The Pygmy Forest

November 5, 2006

This afternoon I crossed the Hacienda Bridge over the Russian River for the first time (oddly, I’d kayaked under it months ago).  We stopped to collect tea/coffee in the picturesque town of Guerneville and then went on to the Sonoma coast.

Sonoma Coast The Sonoma coast

I’d driven up Route 1 from Thousand Oaks to San Francisco three years earlier and seen Big Sur.  The Sonoma coast is on a par, and is much less developed because it’s that much harder to reach.

We stopped in Gerstle Cove, Salt Point State Park.  There’s a peculiar local ordinance banning mushroom gathering on the seaward side of Route 1, so we stopped in the State Park on the landward side.  Shannon went mushroom-hunting whilst I went for a run up to the Pygmy Forest.  The Pygmy Forest sits on a beach from the Pleistocene era, which has been raised up by the violent faulting activity in Northern California.  The growth of these ancient trees has been stunted by the poor, acidic soil.

As I ran back down the trail into the ‘normal’ forest I could hear pinecones and acorns falling.  In American parks at this time of year it’s possible to be wonderfully alone with nature in a way that one can’t normally be in the UK.  Off to the left I heard a rustling in the leaves but ran on.  A huge buck deer trotted across the path in front me just thirty feet ahead and disappeared back into the forest.  I stopped to look at it, and it turned to look at me, just thirty yards away.  Then it turned to face me.  I wasn’t sure whether it was going to charge me, because I noticed a smaller deer deeper into the forest.  What was remarkable was that the simple act of turning to face me made the animal almost invisible against the trees.  I stood still for four or five minutes, as did the deer: I was keen to see which of us would blink first.

Spot the deerSpot the deer

After a minute or two of staring, my eyes began to see it as a kaleidoscope of green and brown just a few feet from my face.  It was a remarkable effect, and if this was how the Native Americans viewed the spirit world in their trances.

The deer looked away first, then back at me.  There was an element of trust, so I took the chance to take some photos.  It moved into a shaft of light, and suddenly became visible.  An acorn hit the ground to the left of me.  It was time to run on.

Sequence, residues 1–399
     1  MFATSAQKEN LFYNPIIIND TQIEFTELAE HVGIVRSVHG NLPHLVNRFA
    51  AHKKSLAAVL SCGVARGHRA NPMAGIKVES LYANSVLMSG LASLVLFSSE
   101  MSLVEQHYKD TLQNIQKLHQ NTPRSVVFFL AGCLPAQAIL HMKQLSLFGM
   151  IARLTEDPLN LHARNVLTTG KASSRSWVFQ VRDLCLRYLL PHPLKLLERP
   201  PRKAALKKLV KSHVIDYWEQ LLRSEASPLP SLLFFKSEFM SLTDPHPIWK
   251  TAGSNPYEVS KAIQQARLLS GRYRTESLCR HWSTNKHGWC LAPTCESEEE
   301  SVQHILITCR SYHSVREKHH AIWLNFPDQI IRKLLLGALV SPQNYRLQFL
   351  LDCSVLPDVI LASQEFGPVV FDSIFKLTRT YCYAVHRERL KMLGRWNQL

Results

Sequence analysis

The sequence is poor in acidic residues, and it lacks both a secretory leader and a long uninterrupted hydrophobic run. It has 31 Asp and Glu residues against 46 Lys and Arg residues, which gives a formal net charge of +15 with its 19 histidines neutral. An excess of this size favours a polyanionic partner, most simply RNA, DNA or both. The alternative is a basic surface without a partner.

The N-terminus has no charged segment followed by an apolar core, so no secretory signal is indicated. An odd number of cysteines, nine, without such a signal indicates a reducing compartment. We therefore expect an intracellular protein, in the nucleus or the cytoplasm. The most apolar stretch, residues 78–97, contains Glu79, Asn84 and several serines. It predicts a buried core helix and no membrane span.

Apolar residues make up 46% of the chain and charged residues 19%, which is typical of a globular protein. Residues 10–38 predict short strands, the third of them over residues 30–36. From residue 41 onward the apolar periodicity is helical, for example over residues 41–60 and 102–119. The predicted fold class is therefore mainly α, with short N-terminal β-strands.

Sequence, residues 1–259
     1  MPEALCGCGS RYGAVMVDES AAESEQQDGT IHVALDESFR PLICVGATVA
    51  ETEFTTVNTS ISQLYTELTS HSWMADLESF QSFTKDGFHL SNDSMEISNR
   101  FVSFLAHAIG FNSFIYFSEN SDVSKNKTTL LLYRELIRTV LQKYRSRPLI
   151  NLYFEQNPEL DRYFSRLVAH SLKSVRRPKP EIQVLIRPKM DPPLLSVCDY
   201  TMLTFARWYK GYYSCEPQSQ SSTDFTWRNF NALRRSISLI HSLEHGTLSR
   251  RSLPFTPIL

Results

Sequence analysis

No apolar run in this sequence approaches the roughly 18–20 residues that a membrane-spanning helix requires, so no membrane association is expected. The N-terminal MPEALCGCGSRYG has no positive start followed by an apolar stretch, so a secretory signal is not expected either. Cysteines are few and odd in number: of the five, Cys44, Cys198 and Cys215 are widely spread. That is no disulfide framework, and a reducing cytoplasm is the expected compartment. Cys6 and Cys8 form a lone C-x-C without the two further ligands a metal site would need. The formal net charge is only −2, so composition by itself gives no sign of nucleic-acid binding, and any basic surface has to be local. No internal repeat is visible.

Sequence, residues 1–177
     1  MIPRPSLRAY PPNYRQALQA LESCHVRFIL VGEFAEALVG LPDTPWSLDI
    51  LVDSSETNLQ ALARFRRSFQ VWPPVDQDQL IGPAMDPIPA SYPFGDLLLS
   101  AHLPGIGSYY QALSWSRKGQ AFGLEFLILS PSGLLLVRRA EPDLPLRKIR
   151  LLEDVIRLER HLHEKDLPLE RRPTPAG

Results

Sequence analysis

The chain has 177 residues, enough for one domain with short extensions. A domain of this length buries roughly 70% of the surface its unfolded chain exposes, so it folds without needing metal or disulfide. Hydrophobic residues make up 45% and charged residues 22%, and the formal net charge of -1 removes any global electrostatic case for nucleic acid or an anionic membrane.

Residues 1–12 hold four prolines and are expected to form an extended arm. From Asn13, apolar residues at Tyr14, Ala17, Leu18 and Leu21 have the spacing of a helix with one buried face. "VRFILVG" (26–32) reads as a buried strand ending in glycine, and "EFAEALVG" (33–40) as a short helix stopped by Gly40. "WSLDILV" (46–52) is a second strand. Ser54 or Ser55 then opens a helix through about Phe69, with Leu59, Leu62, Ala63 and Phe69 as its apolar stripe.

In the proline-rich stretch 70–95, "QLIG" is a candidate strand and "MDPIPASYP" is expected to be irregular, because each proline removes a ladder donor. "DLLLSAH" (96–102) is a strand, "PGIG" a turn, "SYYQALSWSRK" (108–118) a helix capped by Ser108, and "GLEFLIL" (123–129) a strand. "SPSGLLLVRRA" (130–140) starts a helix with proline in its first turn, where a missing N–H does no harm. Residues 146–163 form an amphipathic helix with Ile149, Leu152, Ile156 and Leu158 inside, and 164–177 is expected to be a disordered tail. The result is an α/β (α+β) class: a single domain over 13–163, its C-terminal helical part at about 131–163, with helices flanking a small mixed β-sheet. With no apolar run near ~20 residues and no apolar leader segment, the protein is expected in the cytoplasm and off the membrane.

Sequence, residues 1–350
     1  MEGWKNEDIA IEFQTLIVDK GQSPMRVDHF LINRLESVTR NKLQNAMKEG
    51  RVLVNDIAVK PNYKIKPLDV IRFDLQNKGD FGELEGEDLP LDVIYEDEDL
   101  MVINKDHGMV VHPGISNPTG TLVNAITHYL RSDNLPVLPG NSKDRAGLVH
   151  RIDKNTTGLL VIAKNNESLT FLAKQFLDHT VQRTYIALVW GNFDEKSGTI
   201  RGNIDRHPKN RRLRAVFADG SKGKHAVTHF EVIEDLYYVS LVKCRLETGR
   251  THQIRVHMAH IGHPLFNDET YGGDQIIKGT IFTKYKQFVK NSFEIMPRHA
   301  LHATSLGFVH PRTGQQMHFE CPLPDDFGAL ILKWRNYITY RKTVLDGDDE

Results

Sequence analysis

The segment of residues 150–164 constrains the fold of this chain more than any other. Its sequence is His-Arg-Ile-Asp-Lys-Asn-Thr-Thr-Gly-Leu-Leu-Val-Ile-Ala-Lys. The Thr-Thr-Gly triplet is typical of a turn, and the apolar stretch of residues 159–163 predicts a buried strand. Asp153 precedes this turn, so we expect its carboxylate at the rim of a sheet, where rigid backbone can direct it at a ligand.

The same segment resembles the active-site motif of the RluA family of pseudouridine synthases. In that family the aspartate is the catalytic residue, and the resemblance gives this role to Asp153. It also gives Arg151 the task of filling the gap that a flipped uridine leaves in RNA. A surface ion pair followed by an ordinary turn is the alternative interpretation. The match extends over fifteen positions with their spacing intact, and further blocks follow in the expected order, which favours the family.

Dog Gone, Part II

November 4, 2006

We visited the pound again on Monday, looking for Skip.  The pressure was on because Zoe was due back with us that evening.  The same dogs were still   Buster Brown’s tennis ball was missing, and he looked at us mournfully.  He’d been in nearly two weeks.  I saw his ball in the sewage gutter some way off.  Shannon retrieved it, washed it and popped it back in his cage.  “It breaks my heart,” I said.  We hugged each other as we leave the facility.

I went out again for another reconnoitring run on Monday afternoon, calling his name and looking on the grass verges, checking further towards Santa Rosa, rather than Forestville.  I passed another fresh roadkill deer, and even a little finch.  The verges on River Road are near-vertical, because the road is built on a causeway above the Russian River flood plain.  I noticed that – despite the slope and the likely 55mph impact to the animals – their bodies were all within a few feet of the road.  The road itself has a reputation as a killer, and I passed a shrine to Luis C—-, a teen driver.

I told Shannon later that the distance of the animals’ bodies gave me hope in a way: I would have seen Skip if he’d been killed.

Zoe’s face was red when Shannon brought her back from school that evening, but she was composed as we ate dinner.  “She’s taking it really well,” I said.

“God, you weren’t in the car the first twenty minutes after I broke the news to her.  She was beside herself.”

After school the following afternoon we put up day-glo posters with photos of Skip on them.  “I miss him so much,” said Zoe.  “He’s like a little brother to me.”  Shannon and I look at each other and cringe.

“Hey, Zoe,” I said.  “You know how we’re going to get the FBI in on the search?”

“No.”

“We’ll tell them that there’s a terrorist called Jack Russell on the loose and his codename’s Skip.”  She giggled, and I wondered how much more she’d suffer.

Three days later he’d been missing a week and we were all missing him.  We were lying in bed that evening I broached the tricky subject of What To Do If Skip Doesn’t Turn Up.  “I don’t know how long we give it,” I said.  “But Buster Brown’s sheet said he’s good with kids.”